Ticks are most frequent during late winter and early spring when the weather is cooler and more humid. Common ticks seen in Southern California include the western-black-legged tick, the American wood tick, and the pacific coast tick. However, of the 47 species of ticks, the western-black-legged is the most widely distributed in California. As a nymph, the western-black-legged tick is about the size of a poppy seed with four pairs of legs, a dark brownish-black back, and a light-colored translucent abdomen. When they reach their adult stage, they grow long mouthparts and a reddish-orange abdomen. Ticks have four life stages: egg, larva, nymph, and adult stage. Ticks start feeding on the blood of vertebrates at their larva stage. At their nymph stage, ticks abound in hardwood forests or woodlands that have leaf litter or fir needles, and they spread to more open habitats, like grasslands, for example.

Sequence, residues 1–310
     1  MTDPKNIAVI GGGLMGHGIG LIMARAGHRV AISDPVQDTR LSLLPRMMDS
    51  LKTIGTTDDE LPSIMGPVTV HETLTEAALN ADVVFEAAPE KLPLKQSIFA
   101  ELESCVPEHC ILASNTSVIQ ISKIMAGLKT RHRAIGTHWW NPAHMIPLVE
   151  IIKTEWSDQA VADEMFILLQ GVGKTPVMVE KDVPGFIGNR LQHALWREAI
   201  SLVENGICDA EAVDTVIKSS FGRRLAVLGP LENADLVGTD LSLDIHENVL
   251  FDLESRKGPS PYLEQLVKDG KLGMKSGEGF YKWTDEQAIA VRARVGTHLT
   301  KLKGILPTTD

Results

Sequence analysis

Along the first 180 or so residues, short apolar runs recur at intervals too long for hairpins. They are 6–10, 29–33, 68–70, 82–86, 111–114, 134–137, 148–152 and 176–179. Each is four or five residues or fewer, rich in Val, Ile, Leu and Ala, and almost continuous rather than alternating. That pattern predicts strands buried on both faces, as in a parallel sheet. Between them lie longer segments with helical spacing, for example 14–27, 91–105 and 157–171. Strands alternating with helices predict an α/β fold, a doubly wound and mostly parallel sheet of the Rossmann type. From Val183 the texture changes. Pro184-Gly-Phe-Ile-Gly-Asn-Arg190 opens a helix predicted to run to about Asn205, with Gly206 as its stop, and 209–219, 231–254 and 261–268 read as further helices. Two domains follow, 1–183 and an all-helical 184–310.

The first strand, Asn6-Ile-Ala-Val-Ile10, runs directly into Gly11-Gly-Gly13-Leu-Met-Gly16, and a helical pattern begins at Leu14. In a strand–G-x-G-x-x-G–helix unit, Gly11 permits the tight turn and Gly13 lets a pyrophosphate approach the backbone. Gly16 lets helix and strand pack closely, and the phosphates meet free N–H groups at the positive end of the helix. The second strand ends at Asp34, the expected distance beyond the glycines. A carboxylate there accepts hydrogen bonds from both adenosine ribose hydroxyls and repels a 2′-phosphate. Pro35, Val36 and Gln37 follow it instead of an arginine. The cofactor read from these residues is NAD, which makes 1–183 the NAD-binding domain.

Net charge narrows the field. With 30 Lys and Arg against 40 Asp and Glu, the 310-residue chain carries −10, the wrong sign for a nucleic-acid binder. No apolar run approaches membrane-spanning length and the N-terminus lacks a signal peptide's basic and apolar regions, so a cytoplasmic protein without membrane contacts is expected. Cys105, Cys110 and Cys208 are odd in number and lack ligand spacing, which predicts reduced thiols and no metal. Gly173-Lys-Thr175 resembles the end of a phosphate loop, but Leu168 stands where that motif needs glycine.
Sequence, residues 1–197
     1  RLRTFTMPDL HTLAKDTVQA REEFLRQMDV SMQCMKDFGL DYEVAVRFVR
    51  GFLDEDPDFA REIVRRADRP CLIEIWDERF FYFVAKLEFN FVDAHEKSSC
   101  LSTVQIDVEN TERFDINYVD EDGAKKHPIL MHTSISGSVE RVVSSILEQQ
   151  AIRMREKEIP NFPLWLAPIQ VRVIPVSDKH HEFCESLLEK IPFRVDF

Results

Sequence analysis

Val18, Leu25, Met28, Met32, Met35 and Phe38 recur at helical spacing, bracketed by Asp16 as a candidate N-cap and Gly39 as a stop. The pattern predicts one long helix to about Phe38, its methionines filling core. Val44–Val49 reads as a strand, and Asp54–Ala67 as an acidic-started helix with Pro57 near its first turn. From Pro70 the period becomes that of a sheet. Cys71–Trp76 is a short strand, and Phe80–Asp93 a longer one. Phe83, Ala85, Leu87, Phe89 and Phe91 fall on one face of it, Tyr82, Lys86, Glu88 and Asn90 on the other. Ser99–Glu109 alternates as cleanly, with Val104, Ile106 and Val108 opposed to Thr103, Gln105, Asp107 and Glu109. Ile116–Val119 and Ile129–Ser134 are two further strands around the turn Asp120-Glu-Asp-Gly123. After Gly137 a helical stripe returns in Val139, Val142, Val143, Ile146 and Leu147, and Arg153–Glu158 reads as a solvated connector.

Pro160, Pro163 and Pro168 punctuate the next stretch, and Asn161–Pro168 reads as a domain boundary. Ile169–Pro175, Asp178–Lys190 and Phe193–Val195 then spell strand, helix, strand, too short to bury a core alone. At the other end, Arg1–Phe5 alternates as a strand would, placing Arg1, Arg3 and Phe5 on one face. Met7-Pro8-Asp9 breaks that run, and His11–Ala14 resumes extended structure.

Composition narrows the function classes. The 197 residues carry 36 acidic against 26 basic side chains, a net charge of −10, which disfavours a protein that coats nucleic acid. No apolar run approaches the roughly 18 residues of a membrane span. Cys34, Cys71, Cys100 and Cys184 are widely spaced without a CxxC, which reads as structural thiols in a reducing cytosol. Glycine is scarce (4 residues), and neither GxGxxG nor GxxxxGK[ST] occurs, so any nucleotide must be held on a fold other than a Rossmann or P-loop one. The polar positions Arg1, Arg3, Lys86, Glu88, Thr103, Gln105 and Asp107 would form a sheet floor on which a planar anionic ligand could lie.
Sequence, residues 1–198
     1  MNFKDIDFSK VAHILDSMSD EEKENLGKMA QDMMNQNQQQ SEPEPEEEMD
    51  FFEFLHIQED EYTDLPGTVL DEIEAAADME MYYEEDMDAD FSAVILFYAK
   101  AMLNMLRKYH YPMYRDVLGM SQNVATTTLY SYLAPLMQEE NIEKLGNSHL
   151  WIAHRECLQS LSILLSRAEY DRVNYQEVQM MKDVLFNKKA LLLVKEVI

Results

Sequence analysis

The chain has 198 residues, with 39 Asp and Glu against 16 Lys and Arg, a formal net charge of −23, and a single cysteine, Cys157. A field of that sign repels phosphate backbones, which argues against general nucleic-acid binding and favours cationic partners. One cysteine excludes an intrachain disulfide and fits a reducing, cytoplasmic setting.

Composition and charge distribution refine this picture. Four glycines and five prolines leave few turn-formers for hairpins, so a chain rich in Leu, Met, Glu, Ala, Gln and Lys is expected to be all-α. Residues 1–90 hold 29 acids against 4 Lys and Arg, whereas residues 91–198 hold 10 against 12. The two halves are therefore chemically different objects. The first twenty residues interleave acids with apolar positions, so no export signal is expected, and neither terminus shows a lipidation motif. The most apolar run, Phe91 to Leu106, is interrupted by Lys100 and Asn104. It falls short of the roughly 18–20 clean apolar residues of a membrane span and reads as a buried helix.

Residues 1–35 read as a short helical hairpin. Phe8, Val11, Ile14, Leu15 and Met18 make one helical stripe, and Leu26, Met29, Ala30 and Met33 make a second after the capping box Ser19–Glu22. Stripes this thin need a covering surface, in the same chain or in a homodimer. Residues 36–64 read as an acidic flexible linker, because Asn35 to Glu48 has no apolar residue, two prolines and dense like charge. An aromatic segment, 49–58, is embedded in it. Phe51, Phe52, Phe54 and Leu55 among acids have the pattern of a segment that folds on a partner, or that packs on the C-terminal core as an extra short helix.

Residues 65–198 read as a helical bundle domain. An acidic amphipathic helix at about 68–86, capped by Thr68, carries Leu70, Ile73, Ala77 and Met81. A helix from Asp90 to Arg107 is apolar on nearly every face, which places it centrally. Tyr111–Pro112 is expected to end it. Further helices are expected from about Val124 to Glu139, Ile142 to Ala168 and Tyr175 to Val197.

They have been encountered along margins of trails, semirural communities, and in some suburban areas. Dogs and cats are susceptible to tick exposure when roaming outside and can let ticks inside the home. Ticks use their needle-like mouthparts to puncture the skin and feed on blood from humans and animals. When this is done, bacteria found in the tick’s gut can be transmitted to the host when blood is drawn. This bacteria is responsible for debilitating illnesses such as Lyme disease, Tularemia, and Rickettsia. People are more apt to getting ticks when exposed to grass or brush for long periods. Dressing appropriately can prevent ticks from grasping onto one’s skin, for example, wearing long sleeves, full-length pants, socks, and shoes. Spraying a repellent can also help prevent ticks. If a tick is found attached to the skin, remove it immediately if possible. Use a pair of tweezers by grasping the tick as close to the skin as possible and slowly pull the tick straight out. Do not squash a fed tick as agents can be transmitted through broken skin. Clean the wound with soap and water and apply a mild antiseptic such as povidone-iodine, if available. If you see ticks around your home or on a pet call Accurate Termite Pest Control as soon as possible.